Millions of gallons of water are wasted every year through water line breaks in local cities and counties throughout California. The water agencies who own and maintain these various water delivery systems cannot keep up with the deferred maintenance of these aging systems, some of which are over 100 years old. Potentially the easiest solution for water agencies would be to raise their rates to consumers in order to fund much needed maintenance. But too often utilities and elected officials struggle to find the political will to raise water rates to proactively repair and replace aging pipes. Continue reading
By Nancy Vogel
The people who manage California’s water systems must assume that next year will be dry, too, or they invite unmitigated disaster.
California survives on the water it saves. In a state that must store the runoff of wet years in order to get through the dry years, there is never enough water to waste.
If everybody in California did three things to save water, we’d collectively stretch supplies.
Californians for Water Security is a robust coalition of residents, business leaders, labor, family farmers, local governments, water experts, environmentalists and others that have come together to mount a comprehensive, multi-year campaign in support of the plan to fix California’s aging water distribution system, through implementation of the California Water Fix.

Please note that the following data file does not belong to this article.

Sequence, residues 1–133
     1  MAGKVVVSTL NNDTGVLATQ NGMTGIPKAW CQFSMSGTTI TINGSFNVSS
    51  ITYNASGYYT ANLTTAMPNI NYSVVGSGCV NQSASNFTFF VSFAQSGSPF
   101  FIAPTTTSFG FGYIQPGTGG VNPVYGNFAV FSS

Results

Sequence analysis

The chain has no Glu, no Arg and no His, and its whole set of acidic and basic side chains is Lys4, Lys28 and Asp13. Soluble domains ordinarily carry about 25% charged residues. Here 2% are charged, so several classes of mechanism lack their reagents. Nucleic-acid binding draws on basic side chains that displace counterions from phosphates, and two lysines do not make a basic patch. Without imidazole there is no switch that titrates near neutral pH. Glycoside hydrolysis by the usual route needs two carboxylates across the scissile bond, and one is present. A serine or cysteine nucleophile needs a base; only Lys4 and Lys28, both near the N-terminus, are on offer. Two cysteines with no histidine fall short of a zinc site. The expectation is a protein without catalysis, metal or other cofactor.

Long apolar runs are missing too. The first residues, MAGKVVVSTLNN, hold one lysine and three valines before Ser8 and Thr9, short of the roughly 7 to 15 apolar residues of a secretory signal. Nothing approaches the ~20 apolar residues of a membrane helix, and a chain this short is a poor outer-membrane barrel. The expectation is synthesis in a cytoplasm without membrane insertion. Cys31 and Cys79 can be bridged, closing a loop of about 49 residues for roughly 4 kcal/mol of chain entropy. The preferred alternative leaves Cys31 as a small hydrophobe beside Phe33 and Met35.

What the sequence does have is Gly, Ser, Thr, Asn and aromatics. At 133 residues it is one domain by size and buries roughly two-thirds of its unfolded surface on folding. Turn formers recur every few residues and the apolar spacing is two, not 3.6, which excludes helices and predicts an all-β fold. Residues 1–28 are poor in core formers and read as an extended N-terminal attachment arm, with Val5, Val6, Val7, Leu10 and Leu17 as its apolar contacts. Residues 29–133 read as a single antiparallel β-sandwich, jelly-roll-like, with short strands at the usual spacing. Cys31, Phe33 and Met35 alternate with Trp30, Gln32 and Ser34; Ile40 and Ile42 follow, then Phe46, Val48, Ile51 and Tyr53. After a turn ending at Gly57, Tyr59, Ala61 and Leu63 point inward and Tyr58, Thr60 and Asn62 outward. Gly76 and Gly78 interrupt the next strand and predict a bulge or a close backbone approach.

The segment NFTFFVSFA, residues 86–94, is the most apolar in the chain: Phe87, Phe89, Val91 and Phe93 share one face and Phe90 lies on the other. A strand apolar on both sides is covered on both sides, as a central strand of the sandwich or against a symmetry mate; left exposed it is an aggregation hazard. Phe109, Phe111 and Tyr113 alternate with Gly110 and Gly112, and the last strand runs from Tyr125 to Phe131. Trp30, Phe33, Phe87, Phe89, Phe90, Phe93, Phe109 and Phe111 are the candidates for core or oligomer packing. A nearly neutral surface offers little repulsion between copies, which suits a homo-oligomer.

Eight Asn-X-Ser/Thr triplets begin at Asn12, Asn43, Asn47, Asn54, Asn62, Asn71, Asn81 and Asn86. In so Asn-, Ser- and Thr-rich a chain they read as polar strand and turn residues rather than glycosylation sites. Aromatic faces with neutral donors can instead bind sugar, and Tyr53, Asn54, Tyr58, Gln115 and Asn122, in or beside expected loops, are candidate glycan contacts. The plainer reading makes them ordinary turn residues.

To watch the coalition’s most recent video click here.
Also in 2014, ACEC California was instrumental in pushing the Legislature to pass and the governor to sign Senate Bill 1077 (SB 1077) directing California to conduct a pilot program to study the feasibility of a road charge as a replacement for the gas tax to pay for road maintenance and repairs. Is California ready for such a charge?
We think so (and have been saying that for a while now).
Did you know that last Thursday was National Pothole Day? Just about every California driver has hit a pothole at some point, but potholes are more than a mere inconvenience, they cause billions of dollars in damage ever year. The California Alliance for Jobs has produced a great new video detailing the human cost when roads aren’t maintained.
Proposition 1, the $7.5 billion state water bond, was approved by California’s voters last Tuesday and will provide $2.7 billion for much-needed water storage projects. ACEC California strongly supported this measure and partnered with the governor’s campaign to promote its passage. Thank you for all your hard work and help on this effort!
Facing one of the most severe droughts in history, California state officials joined local leaders, engineers and scientists in Oxnard, California last week in support of Proposition 1, which upon voter approval, would enact the Water Quality, Supply, and Infrastructure Improvement Act of 2014.
ACEC members are trained to seek creative solutions to problems. We are proud to help clients achieve their vision and thrive when we have the opportunity to bring a vague concept into focus. Some of the toughest challenges we tackle today require balancing human needs for infrastructure with a heart-felt desire to preserve natural habitat.